Media consumption habits are shifting quickly, never staying in quite the same place for long. Especially in the kids space. As children continue to jump from platform-to-platform at blinding speeds―shifting swiftly between TV shows, games and apps―traditional broadcasters are having to juggle their programming to accommodate cross-device and cross-platform viewing.
These changes are highlighted in metrics firm Nielsen’s December 2014 Total Audience Report (formerly the Cross Platform Report), which finds that while traditional TV still accounts for the largest bit of the media-consumption pie by far, digital offerings like streaming services are gobbling up larger shares quickly.
The report shows that the average American spends four hours and 32 minutes a day watching traditional TV, which is down 12 minutes from last year. Overall, a user notches roughly 141 hours each month watching TV, down 4% from 147 hours in 2013.
Meanwhile in the digital space, the numbers keep jumping. For 18- to 49-year-olds, time spent watching digital video each day shot up by 53%, while traditional TV dipped 3%. For Americans ages 25 to 54, digital video watching rose 62% and TV dropped 2%.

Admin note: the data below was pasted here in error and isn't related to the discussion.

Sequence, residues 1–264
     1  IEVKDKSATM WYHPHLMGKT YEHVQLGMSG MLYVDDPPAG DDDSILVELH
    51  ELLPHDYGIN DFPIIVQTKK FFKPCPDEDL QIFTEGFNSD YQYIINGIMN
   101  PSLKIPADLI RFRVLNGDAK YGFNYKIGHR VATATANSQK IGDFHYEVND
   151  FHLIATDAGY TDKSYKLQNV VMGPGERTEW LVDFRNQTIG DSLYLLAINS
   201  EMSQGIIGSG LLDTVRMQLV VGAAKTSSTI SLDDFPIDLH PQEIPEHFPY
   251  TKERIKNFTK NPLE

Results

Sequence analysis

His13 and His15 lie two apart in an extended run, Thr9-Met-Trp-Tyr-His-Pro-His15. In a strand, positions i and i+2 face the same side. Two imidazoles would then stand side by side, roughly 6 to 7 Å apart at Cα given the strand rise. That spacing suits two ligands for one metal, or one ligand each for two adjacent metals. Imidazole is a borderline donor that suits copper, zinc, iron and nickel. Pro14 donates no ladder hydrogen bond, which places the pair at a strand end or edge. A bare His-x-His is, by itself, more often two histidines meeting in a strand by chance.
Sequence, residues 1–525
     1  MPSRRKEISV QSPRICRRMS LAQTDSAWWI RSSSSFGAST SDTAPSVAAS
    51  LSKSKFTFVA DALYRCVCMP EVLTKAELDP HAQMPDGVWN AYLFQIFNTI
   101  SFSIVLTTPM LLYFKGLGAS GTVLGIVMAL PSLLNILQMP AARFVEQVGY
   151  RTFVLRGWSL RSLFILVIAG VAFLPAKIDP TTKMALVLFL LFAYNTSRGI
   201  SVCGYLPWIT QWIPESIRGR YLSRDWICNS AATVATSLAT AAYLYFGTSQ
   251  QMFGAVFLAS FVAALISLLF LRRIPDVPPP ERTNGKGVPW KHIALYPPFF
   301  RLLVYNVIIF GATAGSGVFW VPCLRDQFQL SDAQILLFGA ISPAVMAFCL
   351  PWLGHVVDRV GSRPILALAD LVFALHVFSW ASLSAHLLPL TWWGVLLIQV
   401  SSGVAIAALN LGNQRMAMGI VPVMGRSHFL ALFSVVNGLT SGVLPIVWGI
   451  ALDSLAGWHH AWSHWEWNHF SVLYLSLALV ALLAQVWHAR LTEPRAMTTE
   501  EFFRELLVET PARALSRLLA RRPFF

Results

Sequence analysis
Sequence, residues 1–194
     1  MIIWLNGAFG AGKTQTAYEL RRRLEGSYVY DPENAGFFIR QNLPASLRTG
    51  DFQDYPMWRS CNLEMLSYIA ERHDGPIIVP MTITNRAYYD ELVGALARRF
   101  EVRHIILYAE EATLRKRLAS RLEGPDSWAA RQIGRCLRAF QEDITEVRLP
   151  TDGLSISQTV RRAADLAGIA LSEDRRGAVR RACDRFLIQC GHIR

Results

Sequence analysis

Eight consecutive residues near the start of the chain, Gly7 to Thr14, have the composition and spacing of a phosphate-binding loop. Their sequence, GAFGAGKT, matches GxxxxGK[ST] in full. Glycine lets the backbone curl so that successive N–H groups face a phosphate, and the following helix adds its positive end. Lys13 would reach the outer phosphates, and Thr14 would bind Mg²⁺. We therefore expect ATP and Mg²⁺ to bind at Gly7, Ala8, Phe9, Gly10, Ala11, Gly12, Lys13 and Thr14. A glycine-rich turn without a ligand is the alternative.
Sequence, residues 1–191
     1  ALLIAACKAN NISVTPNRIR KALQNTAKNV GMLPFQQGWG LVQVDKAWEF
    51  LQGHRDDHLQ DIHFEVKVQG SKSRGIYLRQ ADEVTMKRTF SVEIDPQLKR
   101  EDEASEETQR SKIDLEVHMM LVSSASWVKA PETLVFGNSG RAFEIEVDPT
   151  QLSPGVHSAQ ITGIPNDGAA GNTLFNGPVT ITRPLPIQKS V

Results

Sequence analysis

More importantly for this industry, kids ages two to 11 now spend 22 hours and 41 minutes a week watching TV, marking a more than two-hour drop from last year’s 25 that they spent in front of a TV. Teens are also down in their TV viewing stats, posting just over 19 hours a week, as opposed to 21.44 hours last year.
In terms of DVD/Blu-Ray use, kids logged close to two hours a week on the devices, and spent 2.5 hours watching time-shifted TV. Video game consoles were used on average for three hours a week.
As for surfing the internet, kids spent 19 minutes a week online via their computer, with teens spending 46 minutes. For kids’ time spent watching video online, the number increased to 18 minutes, from last year’s 11 minutes. Teens spent an average of 26 minutes watching video on online, up slightly from 21 minutes in 2013.
On the tech front, the report found 40% of American households had an SVOD service, up from 35% in 2013. Notably, DVD/Blu-Ray Players dropped from 83% in 2013 to 81% in 2014, while DVRs (49%) and game consoles (46%) stayed the same. High-def TV ownership was up 3% this year to 86%, and tablets are continuing to take over, with 44% of households now owning the device, up significantly from last year’s 28%.